Mr. Ratnasingham was born on 27th November 1933 in Alvai, Point Pedro.
The eldest son of Mr. A.T. Sinnathurai and Pasupathy, he was a caring and generous brother to his 11 brothers and sisters. He was educated at Hartley College, Point Pedro, where he excelled in both academic studies and in sport, and was also appointed Head Prefect in his final year. He went on to gain a degree in Electrical and Mechanical Engineering at the University of Ceylon, became a demonstrator there and then took up a post as a Lecturer at Katubede University. He came to the U.K. in 1964, with his wife Karuneswary and only a few possessions to their name. They soon settled in Wimbledon Park and began to raise a family – two daughters and a son. Realising that a vital part of our identity was our religion, he opened the doors of his own home and celebrated Shivarathri and other major Hindu Saivite festivals there. His heart and his home were always open and this meant that most Sri Lankan Tamils who came to the U.K. in the 1960’s would have come to his house either for a meal, to share in prayers, or even to stay until they got settled. For many years, he continued to have religious services at his house. But, as the number of Tamils coming to the U.K. steadily grew, he realised that there was an urgent need for a proper Hindu Saivite Temple here in the U.K. He was a founder member and Life Trustee of the Highgate Murugan Temple and used his skills to help raise money and to find an appropriate site for the Temple.
The need for a Temple so great that in 1980, the Lord blessed him with the means and the opportunity to build the Shree Ghanapathy Temple in Wimbledon. Within a year the Temple had its’ Kumbhabishekham and became the first fully consecrated Hindu Temple in Europe. And from small beginnings, he nurtured and helped it to grow into a thriving centre for Hindu religious, cultural and social activities.
Over the years, he helped and supported many of the other Hindu Temples that were subsequently built here in the U.K
He also supported many of the Tamil charitable organisations set up here in the U.K. There are too many to mention here, but they included the Saiva Munnetta Sangam, the Tamil Orphan’s Trust and the ITF. A man of action, he was always looking for different ways in which he could help organisations that were set up to help our community here in the U.K. and also our people struggling back in Sri Lanka.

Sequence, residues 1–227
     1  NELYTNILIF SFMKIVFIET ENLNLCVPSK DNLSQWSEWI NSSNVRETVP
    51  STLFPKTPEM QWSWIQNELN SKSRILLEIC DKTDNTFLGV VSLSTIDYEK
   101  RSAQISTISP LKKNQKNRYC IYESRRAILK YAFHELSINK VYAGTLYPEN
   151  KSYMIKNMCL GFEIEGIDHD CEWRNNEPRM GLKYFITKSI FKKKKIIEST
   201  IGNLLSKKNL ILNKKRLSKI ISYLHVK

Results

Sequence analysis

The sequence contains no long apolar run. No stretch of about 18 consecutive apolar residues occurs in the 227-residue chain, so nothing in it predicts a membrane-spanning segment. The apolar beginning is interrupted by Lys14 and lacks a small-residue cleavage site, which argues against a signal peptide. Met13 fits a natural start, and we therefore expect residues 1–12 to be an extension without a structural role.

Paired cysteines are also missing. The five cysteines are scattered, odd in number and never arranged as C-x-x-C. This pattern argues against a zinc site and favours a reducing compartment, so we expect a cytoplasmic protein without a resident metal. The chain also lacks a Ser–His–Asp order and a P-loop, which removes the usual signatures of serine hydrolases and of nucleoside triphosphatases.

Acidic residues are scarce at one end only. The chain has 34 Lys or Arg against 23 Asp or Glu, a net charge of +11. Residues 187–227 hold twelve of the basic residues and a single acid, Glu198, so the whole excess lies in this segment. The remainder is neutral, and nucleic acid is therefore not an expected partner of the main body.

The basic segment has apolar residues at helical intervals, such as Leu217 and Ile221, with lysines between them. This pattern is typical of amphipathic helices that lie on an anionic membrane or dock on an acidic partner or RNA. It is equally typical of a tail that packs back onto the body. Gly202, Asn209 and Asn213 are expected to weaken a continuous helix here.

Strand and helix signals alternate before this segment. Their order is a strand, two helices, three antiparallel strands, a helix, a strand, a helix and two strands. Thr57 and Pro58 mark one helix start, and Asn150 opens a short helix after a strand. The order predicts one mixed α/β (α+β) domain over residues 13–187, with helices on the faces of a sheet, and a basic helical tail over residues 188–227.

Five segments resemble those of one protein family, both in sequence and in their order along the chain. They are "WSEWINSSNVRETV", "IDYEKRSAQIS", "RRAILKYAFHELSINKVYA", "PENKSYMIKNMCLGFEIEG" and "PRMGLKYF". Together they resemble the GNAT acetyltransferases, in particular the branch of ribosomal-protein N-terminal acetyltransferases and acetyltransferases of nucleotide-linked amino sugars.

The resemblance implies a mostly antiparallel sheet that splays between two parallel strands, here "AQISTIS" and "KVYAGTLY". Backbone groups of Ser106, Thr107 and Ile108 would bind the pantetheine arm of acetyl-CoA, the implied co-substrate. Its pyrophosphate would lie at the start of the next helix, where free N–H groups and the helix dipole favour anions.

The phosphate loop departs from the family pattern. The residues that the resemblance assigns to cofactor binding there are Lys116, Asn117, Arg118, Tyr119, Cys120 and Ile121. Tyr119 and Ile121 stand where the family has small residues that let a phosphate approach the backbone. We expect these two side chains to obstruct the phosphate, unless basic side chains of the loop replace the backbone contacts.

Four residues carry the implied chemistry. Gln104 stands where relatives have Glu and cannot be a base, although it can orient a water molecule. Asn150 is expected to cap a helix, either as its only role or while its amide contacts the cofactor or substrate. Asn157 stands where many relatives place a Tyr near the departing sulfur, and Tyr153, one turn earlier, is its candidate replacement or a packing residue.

Although he helped so many Hindu Temples and Tamil organisations here in the U.K., his greatest and most lasting contribution to our community has been the Ghanapathy Temple. As a Hindu Saivite, he created a Temple with beautiful statues and traditions that have proved to be a focal point for many Hindus living in the London Borough of Merton and beyond. As a Sai Baba devotee, he also created a Sai Mandir, with the blessings and guidance of Bhagavan Sri Sathya Sai Baba, that houses one of the largest Sai Centres here in the U.K.
He was keen to spread the message of Hinduism to other parts of society, and was one of the founding contributors to Interfaith dialogue in London. His in-depth knowledge of Hinduism and its’ philosophy, and his ability to explain complex ideas in the simplest of terms, meant that he was a great teacher of children and many schools and teacher training colleges flocked to the Temple to learn more about Hinduism.
Throughout all the work that he did for the Temple and for the community, the one thought that was constantly in his mind was for the future generations of Hindu children being brought up here in the West. He therefore did much to promote the teaching of Hindu Religious Instruction, Karnatic Vocal, Instrumental and Bharathanatyam to the younger generation and also gave his full support to Tamil Schools that were set up in London and in Surrey.
The final year of his life contained 3 major milestones:
1. He was Chairman of Highgate Murughan Temple, where he successfully lead the Temple through its’ renovation and Mahakumbhabishekham.
2. He was one of the Founders and the first Chairman of the Federation of Saiva Hindu Temples (March 1998), and held its first Saiva Conference in July 1998.
3. He took his beloved Lord Ganesha, for the first time, around the streets surrounding the Temple for the now annual Ther Festival.
On the 16th August 1998, whilst in India, his life came to a tragic and untimely end. He had gone to India to choose additional deities for the Temple, and also to arrange for a group of traditional temple sculptors to come to the U.K. to put the final embellishment on the Temple internal architecture. In death, as in life, his thoughts were for the Temple.
Good work lives on in the shape of the Temple and the religious legacy he has given to Hindus in South London. His family and the wonderful group of dedicated volunteers who work at the Temple and Sai Mandir have pledged to continue his work for the community and to build on the strong foundations that he laid for us all. His picture hangs inside the Temple entrance, but we still also feel his presence in the Temple – the most important place in his life